Grizzlies Look To Christie For Experience

By Brian Compton
NHL.com Correspondent

Utah Grizzlies head coach Jason Christie knows a thing or two about winning

As a player, the 37-year-old had 13 points in 17 playoff games – earning co-MVP honors — to help the Peoria Rivermen win the Kelly Cup in 2000. In 1996, he helped the American Hockey League’s Portland Pirates reach the Calder Cup Finals. And as a head coach, he guided Peoria to the Northern Conference Finals in 2001 before falling in seven games to the Trenton Titans. It was the first of four consecutive trips to the postseason for Christie’s Rivermen.

But when Peoria announced it would be joining the AHL in 2005, Christie took his 217 career victories and headed west to Utah to become the head coach of the Grizzlies. He guided Utah to the postseason in his first season behind the bench with a 36-30-6 record.

But the Grizzlies were swept by the Alaska Aces – who went on the win the Kelly Cup – in the opening round. Meanwhile, the Grizzlies are still in the recovery process. With 20 games to go in the regular season, Utah finds itself at the bottom of the West Division at 19-29-5. The Grizzlies failed to take advantage of a 10-game home stand that concluded Monday, winning just four contests as they currently remain on the outside-looking-in when it comes to the postseason picture.

Christie remains confident however. He is hopeful that Utah’s two-game road trip to Idaho this weekend will help his team come together as a group as it attempts to make a playoff push.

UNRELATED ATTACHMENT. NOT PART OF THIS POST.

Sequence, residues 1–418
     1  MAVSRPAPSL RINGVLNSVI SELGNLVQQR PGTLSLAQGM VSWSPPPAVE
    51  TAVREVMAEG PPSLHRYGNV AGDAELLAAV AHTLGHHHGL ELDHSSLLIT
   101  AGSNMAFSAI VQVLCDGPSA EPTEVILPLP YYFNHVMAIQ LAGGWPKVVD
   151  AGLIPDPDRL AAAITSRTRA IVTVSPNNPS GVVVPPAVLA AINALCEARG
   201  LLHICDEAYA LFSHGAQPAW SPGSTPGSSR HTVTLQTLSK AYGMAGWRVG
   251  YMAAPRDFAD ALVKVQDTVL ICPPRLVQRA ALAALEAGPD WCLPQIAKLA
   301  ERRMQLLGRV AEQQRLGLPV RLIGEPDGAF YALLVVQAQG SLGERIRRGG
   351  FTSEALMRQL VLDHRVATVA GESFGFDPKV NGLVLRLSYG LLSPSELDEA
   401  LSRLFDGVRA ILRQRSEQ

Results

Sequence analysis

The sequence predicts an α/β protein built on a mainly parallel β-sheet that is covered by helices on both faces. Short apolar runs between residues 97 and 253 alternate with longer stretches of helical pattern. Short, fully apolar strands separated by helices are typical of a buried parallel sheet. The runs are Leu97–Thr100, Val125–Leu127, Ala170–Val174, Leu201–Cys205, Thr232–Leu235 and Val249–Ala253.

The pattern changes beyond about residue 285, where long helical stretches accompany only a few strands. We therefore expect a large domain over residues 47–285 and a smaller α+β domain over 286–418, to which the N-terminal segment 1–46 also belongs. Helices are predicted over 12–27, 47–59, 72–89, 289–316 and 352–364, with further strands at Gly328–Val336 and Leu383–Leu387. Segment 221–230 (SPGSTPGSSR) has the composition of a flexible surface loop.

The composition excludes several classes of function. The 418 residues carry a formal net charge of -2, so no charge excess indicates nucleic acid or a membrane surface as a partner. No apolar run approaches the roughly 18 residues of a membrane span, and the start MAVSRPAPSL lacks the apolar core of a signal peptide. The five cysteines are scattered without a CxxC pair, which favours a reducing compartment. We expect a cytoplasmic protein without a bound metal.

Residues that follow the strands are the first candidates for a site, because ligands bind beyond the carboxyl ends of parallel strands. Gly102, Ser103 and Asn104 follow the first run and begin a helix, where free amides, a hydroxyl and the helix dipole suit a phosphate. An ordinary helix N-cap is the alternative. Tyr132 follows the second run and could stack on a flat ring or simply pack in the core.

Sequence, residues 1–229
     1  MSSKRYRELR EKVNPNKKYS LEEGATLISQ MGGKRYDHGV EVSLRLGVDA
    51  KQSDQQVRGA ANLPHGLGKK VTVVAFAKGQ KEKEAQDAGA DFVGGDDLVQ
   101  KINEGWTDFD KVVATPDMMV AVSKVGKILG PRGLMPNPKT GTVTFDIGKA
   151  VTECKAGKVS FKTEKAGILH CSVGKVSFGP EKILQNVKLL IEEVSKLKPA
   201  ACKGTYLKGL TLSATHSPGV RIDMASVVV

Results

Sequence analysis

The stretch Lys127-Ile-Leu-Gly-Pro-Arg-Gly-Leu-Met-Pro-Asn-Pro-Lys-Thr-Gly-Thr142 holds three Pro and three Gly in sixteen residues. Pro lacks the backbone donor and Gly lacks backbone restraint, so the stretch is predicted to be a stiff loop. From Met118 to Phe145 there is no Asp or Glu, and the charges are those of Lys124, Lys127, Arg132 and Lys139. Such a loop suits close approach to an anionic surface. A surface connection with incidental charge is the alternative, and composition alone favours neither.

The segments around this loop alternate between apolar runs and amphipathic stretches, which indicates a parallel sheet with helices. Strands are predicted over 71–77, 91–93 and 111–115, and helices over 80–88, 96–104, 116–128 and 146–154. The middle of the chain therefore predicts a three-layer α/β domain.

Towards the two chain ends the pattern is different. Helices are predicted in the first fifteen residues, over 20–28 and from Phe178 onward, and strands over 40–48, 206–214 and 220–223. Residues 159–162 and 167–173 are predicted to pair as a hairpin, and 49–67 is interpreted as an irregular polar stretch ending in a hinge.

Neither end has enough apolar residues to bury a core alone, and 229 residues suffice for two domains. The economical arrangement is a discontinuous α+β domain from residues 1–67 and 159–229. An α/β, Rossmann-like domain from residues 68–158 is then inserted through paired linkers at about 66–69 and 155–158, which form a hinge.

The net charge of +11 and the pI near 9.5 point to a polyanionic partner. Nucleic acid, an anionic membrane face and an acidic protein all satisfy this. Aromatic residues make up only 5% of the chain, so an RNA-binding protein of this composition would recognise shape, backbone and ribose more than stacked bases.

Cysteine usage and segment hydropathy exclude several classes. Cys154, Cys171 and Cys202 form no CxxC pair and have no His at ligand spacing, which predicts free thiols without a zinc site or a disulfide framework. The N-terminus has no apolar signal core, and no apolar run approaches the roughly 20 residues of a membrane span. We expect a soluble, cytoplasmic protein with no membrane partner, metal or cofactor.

“You tend to get stale when you’re in one place too long,” Christie said. “We’re on the road this weekend, so it’s good to shake it off. We’ve been home for so long that it’s kind of good to get on the road here. Everybody does their own thing.”

If the Grizzlies are going to make the playoffs, it’s a safe bet that forward Ryan Kinasewich (pictured) will play a major role. The 23-year-old from St. Albert, Alberta, has 59 points (29 goals, 30 assists) in 44 games for Utah this season. He believes his team needs to a little bit of soul searching down the stretch.

“We’re really having trouble playing with the lead,” said Kinasewich, who had 85 points in 60 games for the Grizzlies last year. “Everybody’s got to find a way to get that killer instinct. We’ve got to treat every game like it’s a playoff game. We’ve only got about 20 games left, so every game is kind of like do-or-die. We’ve just got to bring that killer instinct every night.”

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